As noted in the last issue of Glimpses the Club was not left with its wheels spinning but went from 1-100 in a very short space of time. George Fairbrother was with his charismatic resolve a prime mover in this early success. It has been brought to my attention, thanks to resting Past President, Paul Kershaw, that George is mentioned in our book “Celebrating 50 Years” [published 2004]. In 1970,

“… he was accorded an extraordinary distinction.

The Club had dies made, and struck one single gold medal recognising George Fairbrother as Master of the Cellars Ex Honoris Causa. It is unlikely that any other man in any facet of life has received such a heart warming recognition of his services.” [p4]

I have it on good authority that a die is still in existence and resting with Paul Kershaw. Further to this the current issue of SA LIFE has on pages 92-94 an illuminating article on George’s career and achievements. Therein it is noted that there is a plaque in his honour on the Tanunda Rotunda placed to celebrate him by no less an august body than the Barons of The Barossa. I commend both the magazine and the article to you. [the article, with permission, is on our web-site]

In the SA LIFE article it notes George’s association with the canny Wolf Blass, the intrepid Maurice O’Shea and that maverick, Max Schubert. It was Max’s moxie that placed him at the epicentre in those days of innovative experimentation. George Fairbrother was an enthusiastic supporter of Max and urged him to continue with his Grange Hermitage even when in 1957 Penfolds instructed him to desist. In 1962 George awarded the 1955 Grange the Chairman’s Gold Medal in the Open Claret Class in The Sydney Show. George was always a believer.*

The Adelaide B&B Club it is reported in July 1957 was privileged to see an experimental Penfolds Dry Red, vintage 1954, which was being carefully nurtured by Jeff Penfold-Hyland and Max Schubert. Most saw it as volatile and adversely commented not understanding the gem it would become.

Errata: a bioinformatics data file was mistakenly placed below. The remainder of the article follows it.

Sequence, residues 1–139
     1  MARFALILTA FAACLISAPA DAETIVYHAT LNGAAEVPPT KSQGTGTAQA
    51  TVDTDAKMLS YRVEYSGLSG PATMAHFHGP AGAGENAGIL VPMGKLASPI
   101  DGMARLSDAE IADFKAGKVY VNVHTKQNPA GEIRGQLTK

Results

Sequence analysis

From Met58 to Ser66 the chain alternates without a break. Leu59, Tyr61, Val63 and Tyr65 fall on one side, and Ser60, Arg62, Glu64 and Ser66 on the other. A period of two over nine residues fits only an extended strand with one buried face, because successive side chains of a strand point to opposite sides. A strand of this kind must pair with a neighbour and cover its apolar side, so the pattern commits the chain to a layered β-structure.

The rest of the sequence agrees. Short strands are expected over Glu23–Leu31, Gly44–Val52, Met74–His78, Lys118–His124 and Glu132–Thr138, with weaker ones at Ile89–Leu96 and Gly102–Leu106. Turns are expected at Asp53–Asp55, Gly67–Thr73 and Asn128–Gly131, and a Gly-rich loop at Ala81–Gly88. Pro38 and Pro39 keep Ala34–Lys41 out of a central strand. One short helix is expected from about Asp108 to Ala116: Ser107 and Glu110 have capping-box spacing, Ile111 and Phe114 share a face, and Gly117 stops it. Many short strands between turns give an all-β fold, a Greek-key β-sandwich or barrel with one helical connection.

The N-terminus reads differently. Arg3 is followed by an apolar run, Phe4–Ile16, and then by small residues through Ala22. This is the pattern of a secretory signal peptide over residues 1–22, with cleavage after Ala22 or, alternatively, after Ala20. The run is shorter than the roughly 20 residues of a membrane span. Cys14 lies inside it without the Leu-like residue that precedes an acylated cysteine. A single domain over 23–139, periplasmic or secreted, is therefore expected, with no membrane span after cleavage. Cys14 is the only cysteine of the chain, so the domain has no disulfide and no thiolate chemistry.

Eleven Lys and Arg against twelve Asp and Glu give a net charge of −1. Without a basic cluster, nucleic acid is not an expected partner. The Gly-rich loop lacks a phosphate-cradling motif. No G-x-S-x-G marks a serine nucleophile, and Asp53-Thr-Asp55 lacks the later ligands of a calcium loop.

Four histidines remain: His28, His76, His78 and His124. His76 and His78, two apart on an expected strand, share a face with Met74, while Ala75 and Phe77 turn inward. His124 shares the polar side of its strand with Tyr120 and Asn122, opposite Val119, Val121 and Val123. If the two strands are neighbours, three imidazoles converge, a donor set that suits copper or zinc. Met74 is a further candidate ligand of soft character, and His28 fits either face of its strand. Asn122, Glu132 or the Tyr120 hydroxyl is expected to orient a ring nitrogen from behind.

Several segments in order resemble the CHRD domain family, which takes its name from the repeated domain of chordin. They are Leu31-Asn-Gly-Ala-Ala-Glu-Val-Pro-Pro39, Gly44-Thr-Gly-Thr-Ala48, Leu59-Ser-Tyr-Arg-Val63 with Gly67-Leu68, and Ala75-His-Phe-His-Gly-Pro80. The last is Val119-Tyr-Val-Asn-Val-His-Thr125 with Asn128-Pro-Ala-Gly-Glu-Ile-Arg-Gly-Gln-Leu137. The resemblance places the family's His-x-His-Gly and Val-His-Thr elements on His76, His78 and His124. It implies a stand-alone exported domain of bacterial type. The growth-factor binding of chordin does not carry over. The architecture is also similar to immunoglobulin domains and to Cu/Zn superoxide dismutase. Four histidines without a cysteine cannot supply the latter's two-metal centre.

Maurice O’Shea, another of George’s acquaintances, since his demise was destined to shine incandescently over the Australian wine world. It was Maurice who emancipated winemaking from European shackles and his stewardship is omnipresent to this day.

Max Schubert, by the way, was one of the foundation members of the Norwood Beefsteak and Burgundy Club along with J Penfold-Hyland and Peter Tolley, so it reads on their Humble Petition. Another Humble Petition of interest submitted for stamping by the Adelaide B&B Club was that of May 29th 1957. It was from the Perth Club. In it they appoint officers of the branch as being Burgomaster, Sheriff, Minister of the Interior, Winemaster, Keeper of the Purse, Bard and Minstrel. For this they paid 2 guineas. The Cygnet B&B Club, also of Perth, was constituted at the same AGM, August 1957.

In the President’s Report of 1957 it reveals that there were nine new clubs formed bringing the total to seventeen, not including Adelaide. Names mentioned are Sydney, Norwood, Glenelg, Port Adelaide, Whyalla, Port Lincoln and the two Western Australian charters. Hobart was waiting in the wings. Adelaide’s membership suffered five resignations, but all were refilled. At the ten lunches of that year, all at the Imperial hotel, 220 members [73%] and 114 guests attended! There were two dinners to which the ladies were invited, Christmas at the Lido and one at the Highway Inn. A barbecue with cellar inspection was held at Messrs. G. Gramp & Sons, Rowlands Flat, to which all clubs were invited.

In 1957 a Convention was held in the board room of B. Seppelt & Sons Ltd. Thirty-two delegates attended on Wednesday night July 24th. Interestingly Nagambie and Whyalla had delegates present. One other future event in the pipeline was a wine tasting at the Adelaide Railway Station Dining Room. The Club Tie was also foreshadowed at 17 shillings and sixpence [$1.75]

So began the 1957 – 58 B&B year. It was in February of ’58 that a revered Life Member put his name on the Charter for the Melbourne B&B Club. The Life Member is no other than Keith Gramp.

And so through the decades the wine continues to flow and as present Secretary, Chris Thomson, says, “Keep up five veg and two fruits a day, or seven fruits…Cabernet, Shiraz, Riesling, Grenache… .”

Bob Bowes.

* SA LIFE November 2016 Issue